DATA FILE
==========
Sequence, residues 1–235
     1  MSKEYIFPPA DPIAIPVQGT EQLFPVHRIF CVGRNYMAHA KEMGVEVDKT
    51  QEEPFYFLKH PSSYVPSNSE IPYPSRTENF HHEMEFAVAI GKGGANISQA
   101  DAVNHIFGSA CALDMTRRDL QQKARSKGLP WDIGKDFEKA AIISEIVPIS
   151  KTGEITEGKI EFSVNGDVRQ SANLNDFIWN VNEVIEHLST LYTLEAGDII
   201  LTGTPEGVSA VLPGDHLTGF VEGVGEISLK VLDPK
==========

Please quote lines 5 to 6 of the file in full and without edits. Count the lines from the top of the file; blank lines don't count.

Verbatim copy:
   151  KTGEITEGKI EFSVNGDVRQ SANLNDFIWN VNEVIEHLST LYTLEAGDII
   201  LTGTPEGVSA VLPGDHLTGF VEGVGEISLK VLDPK